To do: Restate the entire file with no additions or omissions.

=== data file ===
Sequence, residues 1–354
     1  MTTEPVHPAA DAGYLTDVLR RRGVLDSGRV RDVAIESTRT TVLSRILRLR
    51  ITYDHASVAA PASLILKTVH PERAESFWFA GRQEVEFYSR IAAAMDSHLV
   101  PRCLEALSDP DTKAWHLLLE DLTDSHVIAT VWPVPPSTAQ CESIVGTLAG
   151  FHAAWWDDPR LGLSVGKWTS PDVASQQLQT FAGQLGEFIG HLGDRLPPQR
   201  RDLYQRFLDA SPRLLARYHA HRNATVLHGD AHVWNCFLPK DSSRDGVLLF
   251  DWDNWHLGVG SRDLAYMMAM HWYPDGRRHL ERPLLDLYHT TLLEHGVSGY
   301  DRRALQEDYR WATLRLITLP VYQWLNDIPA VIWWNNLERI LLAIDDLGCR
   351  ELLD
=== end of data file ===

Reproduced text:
Sequence, residues 1–354
     1  MTTEPVHPAA DAGYLTDVLR RRGVLDSGRV RDVAIESTRT TVLSRILRLR
    51  ITYDHASVAA PASLILKTVH PERAESFWFA GRQEVEFYSR IAAAMDSHLV
   101  PRCLEALSDP DTKAWHLLLE DLTDSHVIAT VWPVPPSTAQ CESIVGTLAG
   151  FHAAWWDDPR LGLSVGKWTS PDVASQQLQT FAGQLGEFIG HLGDRLPPQR
   201  RDLYQRFLDA SPRLLARYHA HRNATVLHGD AHVWNCFLPK DSSRDGVLLF
   251  DWDNWHLGVG SRDLAYMMAM HWYPDGRRHL ERPLLDLYHT TLLEHGVSGY
   301  DRRALQEDYR WATLRLITLP VYQWLNDIPA VIWWNNLERI LLAIDDLGCR
   351  ELLD